Reveal the character with minimal description initially and add to it later. Provide a name and a few quirky details, a bit of action, or dialogue instead of long drawn out description. Minor characters should have a name to match their persona or easy nicknames to help the reader remember them.

Avoid exotic names, two first names, names that sound alike or start with the same letter as other names in the story.  Also, avoid names ending in “s” because of possessiveness. Stick with one name except in dialogue.

Keep a list of your characters in your story.  I once gave the last name to two unrelated characters.

Use a quirky trait, distinctive feature, or other dominant characteristic to make them easy to identify as they appear and disappear in the story.  They can be eccentric, exaggerated, or obsessive.  They should be fun for the writer and reader.

 

They aren’t window dressing.  They serve a purpose.  How does the hero treat a minor character?  Does it reveal a strong trait or a flaw in him?

Through minor characters, the reader sees the reaction of characters to each other and builds relationships.

Supportive characters should reflect what your protagonist needs. He is the opposite of the hero to emphasize traits. An arrogant person needs someone who doesn’t take him too seriously. A hard boiled cop needs kids or a pregnant wife.

A sidekick provides help to the main character.  An amateur sleuth needs someone with access to inside information. What role will the supporting character play?  Helper or antagonist?  Is he a friend or foe of the hero?

Have you foreshadowed the new character earlier in the story?

Also, determine why the minor character is there and is he necessary.  If not, can you combine him with another minor character?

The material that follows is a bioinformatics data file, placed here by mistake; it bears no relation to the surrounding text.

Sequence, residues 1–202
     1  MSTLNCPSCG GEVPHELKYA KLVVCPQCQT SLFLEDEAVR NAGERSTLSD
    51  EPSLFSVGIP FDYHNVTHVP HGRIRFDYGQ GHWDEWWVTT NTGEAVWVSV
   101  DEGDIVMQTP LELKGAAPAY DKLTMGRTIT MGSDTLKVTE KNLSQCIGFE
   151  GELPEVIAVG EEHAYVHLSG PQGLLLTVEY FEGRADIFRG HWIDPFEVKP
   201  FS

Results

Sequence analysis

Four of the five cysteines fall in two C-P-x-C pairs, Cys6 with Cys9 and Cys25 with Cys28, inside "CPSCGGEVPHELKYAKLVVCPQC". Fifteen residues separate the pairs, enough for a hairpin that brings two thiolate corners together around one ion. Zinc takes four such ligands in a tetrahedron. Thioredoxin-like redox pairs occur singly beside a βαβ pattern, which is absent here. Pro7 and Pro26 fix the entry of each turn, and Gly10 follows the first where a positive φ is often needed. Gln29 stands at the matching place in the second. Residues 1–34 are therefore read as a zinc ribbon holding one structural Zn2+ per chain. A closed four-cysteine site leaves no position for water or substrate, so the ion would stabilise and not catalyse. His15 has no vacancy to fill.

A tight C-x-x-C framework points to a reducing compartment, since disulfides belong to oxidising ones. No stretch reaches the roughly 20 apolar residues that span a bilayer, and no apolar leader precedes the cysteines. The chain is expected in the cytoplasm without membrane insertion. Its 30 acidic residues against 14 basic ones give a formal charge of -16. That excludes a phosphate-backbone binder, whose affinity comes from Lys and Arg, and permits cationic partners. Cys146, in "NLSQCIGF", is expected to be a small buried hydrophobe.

Making a bad guy good

Sleeping soldier

A Civil War soldier reenactor naps in his tent.

The good guy can only be as good as the bad guy is bad.

In a mystery, the villain should be hiding in plain sight.  The reader wants to solve the mystery before you reveal it.  Offer clues to the villain’s identity but don’t forget twists, red herrings, and other suspects to confuse the reader. He shouldn’t know who really did it until the final chapter.

The antagonist must be a worthy opponent in intelligence and ability to the hero.  Develop with a back story, motivation, and reason for thwarting the hero. Is it greed, jealousy, or hatred?  What made the villain the way he is?

The villain makes life hard for the hero and makes the hero more interesting.

Play both with and against type by contrasting good and evil in both the hero and villain.

What role does the antagonist play in the hero’s decisions and does his influence grow toward the end?
Make the crime fit the villain – he must have expertise and be capable of executing the crime.

Does the antagonist have any phobias, weaknesses, or shortcomings?

What redeeming qualities, skills does the villain have?

The villain justifies the crime by righting a prior wrong, revenge against a perceived enemy who deserved to die, vigilante justice because system didn’t work, protecting a loved one, or restoring order to the world.

The antagonist can be sympathetic to the reader but justice must prevail.